12/9 TAA Webinar – How to Hook Your Audience

In the era of “fake news,” it is critical that research be translated and published as widely and accurately as possible. Among many journalists, however, academics are notorious for their caveats, sub-clauses, and unwillingness to tell a good story. Research experts often find it challenging to engage non-specialist audiences in ways that preserve the rigor and credibility of their work.

Join us Thursday, December 9 from 1-2 p.m. ET for the TAA webinar, “How to Hook Your Audience”, presented by Erica Machulak, PhD., founder of Hikma Strategies. Erica will offer a framework and actionable strategies to write research narratives that inform and engage non-specialist audiences.

3 Support strategies for your writing journey

When you think about your emotions as they relate to your writing, what is your first thought? Does your response gravitate to positive emotions of joy or happiness? Or does it immediately lean toward negative ones like stress and frustration?

Erin McTigue shares from her coaching perspective that “emotions are very important in the work we do because it can help gain awareness about why certain projects are being avoided – why certain things are so hard.”

Goal setting vs. plan making – what matters more?

Let me ask you a question – do you have publishing goals or do you have a plan for writing? Perhaps a trick question, as you may very well think to yourself, don’t I need both?!? However, what I want to clarify in this post is that goals are different than plans and one should hold greater weight than the other in your daily writing efforts.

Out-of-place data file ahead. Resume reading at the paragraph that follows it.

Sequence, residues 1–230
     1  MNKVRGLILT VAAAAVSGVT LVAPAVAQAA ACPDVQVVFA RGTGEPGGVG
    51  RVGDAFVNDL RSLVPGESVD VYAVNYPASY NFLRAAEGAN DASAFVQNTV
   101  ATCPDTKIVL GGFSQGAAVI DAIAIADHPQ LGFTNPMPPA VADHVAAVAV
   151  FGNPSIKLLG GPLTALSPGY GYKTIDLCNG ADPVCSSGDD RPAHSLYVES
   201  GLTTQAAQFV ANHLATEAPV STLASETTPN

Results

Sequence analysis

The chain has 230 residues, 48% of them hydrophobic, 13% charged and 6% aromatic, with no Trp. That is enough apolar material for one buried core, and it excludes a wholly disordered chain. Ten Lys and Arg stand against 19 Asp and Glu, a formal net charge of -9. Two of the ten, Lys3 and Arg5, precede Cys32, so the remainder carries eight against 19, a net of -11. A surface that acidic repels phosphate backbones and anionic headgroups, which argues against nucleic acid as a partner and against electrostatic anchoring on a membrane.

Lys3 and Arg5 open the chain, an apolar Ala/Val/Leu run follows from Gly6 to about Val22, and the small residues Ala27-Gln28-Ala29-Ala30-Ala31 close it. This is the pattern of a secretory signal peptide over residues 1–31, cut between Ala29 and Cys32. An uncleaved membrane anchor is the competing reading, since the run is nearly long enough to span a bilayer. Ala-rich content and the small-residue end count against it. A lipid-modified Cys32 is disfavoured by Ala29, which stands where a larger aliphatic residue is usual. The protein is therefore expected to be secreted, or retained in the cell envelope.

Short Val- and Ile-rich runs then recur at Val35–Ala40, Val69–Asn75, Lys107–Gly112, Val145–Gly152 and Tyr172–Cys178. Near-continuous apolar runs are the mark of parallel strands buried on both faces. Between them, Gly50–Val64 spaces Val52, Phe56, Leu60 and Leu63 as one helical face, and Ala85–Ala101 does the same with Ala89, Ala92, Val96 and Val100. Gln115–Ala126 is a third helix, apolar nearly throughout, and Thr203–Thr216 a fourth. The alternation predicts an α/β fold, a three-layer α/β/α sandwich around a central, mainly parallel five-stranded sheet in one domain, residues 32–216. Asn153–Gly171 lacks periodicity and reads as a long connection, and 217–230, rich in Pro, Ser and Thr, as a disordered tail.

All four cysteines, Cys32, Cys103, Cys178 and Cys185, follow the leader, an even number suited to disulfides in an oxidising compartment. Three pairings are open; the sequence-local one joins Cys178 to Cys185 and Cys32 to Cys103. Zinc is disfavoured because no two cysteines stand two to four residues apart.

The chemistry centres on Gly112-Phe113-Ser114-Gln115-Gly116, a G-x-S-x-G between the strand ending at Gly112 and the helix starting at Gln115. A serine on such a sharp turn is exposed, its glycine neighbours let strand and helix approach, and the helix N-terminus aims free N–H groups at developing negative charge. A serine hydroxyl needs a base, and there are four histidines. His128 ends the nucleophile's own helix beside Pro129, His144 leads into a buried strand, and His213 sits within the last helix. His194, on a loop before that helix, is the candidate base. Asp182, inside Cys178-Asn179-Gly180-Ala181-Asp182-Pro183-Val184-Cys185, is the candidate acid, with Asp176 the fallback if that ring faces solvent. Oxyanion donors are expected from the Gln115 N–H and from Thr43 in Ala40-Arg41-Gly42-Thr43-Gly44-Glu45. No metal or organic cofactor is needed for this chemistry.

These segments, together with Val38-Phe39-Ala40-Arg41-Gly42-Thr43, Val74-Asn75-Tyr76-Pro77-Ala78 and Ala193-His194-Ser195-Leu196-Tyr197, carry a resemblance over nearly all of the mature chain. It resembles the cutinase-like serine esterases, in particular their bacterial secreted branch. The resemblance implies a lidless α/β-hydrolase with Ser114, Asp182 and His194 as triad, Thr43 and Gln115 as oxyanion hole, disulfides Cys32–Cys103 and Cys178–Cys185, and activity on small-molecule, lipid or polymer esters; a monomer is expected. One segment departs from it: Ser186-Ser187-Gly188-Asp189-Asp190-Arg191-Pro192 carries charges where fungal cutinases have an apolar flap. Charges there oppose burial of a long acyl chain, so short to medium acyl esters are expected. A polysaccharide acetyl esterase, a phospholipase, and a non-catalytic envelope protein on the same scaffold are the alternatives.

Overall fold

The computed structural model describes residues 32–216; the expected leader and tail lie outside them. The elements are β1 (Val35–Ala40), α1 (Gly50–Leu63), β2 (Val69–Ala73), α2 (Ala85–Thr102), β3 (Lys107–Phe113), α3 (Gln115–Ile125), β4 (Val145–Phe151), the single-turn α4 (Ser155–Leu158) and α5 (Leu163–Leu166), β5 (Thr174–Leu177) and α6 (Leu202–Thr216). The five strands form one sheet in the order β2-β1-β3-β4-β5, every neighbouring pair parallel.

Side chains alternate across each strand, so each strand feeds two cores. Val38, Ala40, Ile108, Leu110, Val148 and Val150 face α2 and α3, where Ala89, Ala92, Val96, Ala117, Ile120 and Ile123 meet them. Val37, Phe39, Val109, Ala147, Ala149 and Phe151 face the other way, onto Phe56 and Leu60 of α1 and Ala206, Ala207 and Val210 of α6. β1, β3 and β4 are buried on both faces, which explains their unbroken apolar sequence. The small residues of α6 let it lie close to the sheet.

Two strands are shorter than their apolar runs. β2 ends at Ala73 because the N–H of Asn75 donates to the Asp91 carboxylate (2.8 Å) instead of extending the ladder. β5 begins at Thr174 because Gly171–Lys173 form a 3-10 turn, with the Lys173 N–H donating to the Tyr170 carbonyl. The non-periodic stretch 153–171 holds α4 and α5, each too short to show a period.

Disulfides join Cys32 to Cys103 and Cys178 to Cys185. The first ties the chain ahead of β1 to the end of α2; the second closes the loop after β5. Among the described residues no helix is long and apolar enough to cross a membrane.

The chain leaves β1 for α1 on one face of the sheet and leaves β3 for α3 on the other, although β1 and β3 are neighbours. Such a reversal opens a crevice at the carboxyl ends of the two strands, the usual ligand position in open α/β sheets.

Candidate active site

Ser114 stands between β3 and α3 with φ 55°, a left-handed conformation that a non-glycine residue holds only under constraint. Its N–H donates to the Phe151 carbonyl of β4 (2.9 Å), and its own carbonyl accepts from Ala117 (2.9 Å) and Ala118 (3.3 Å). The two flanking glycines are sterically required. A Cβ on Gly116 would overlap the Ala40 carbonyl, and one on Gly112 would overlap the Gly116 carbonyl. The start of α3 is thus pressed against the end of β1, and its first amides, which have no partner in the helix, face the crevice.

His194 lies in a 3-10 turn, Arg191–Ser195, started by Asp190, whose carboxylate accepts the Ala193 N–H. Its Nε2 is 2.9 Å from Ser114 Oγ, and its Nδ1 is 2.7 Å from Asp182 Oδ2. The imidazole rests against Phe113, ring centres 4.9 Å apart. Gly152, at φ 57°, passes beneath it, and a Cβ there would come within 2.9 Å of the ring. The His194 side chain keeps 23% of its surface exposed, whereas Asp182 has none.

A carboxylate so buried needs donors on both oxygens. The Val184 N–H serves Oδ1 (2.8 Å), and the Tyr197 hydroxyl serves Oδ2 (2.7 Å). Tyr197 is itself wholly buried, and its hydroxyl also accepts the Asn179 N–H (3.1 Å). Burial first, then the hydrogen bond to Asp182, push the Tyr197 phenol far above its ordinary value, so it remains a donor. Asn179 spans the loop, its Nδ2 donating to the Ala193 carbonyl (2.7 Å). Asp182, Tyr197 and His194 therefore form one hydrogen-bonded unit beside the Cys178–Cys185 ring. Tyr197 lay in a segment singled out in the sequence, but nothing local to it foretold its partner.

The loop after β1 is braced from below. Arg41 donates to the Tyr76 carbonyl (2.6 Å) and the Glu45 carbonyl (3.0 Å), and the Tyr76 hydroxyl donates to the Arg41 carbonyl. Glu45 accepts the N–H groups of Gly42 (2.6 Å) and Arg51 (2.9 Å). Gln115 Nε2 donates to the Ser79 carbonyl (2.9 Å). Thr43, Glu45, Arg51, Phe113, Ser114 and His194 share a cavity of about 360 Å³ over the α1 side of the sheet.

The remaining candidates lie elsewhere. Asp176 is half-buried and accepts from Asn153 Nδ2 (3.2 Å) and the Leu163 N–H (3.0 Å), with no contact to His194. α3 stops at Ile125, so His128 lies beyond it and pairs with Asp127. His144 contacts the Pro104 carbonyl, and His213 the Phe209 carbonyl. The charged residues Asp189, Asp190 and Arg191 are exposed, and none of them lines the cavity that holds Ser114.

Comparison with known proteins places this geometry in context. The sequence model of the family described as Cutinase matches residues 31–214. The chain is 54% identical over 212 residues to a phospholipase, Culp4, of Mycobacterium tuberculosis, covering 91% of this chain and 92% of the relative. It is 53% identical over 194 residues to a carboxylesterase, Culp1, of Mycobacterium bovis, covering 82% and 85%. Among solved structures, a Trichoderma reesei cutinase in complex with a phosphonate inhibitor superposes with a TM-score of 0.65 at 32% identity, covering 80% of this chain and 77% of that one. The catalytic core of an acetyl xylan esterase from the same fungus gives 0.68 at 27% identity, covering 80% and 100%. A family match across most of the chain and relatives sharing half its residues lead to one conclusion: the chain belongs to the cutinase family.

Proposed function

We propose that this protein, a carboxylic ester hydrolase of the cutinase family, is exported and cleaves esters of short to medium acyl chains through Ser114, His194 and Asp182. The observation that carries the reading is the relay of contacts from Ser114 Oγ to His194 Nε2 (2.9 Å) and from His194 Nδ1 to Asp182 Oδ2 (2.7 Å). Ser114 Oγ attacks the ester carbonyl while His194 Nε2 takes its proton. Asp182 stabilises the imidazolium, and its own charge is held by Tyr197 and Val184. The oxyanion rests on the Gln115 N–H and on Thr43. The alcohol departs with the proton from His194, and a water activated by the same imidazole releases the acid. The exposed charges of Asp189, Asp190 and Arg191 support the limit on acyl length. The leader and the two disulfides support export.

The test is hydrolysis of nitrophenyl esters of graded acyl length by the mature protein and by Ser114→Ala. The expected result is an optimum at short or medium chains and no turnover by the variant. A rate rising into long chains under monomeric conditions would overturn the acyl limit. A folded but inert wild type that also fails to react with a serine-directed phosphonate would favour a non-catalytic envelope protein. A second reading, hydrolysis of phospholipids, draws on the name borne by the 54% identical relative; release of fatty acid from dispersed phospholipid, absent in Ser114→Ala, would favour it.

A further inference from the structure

So let’s start with identifying the difference between goal setting and plan making.

Most useful textbook and academic posts of the week: June 4, 2021

As textbook and academic authors, we often know where we want to go, perhaps have some idea of how to get there, but are often caught with feelings of ill-preparedness, lack of knowledge or resources, and a general sense of self-reliance to produce our results. From the outside looking in, we may appear to be working hard with nothing to show for the effort.

The power of words

Yesterday, January 20, 2021, we witnessed the inauguration of Joe Biden as the 46th president of the United States and of Vice-President Kamala Harris. The ceremony was filled with messages, constructed by words, shared by many people in positions of power – both in our national government and in the entertainment industry – through speech, recitation, song, and poetry. These messages and the effect of the words delivered throughout the event caused me to revisit a quote from Margaret Atwood who said, “A word after a word after a word is power.”

In this post, I want to highlight some of the words that resonated with me from yesterday’s event, other historical instances of the power of words, and advice for how you can ensure that the words you use in your writing exhibit the power of your message.

Most useful textbook and academic posts of the week: December 18, 2020

Ernest Hemingway once said, “As a writer, you should not judge, you should understand.” In our academic writing, there are certainly a number of places where understanding is important.

Seen in this week’s collection of articles from around the web, we must understand how to develop a first draft, what questions we need to answer to move forward, what our research data tells us, what makes writing worthwhile, how to maintain a productive schedule, how to balance work with periods of rest, how to survive through crisis, and the general state of the publishing industry.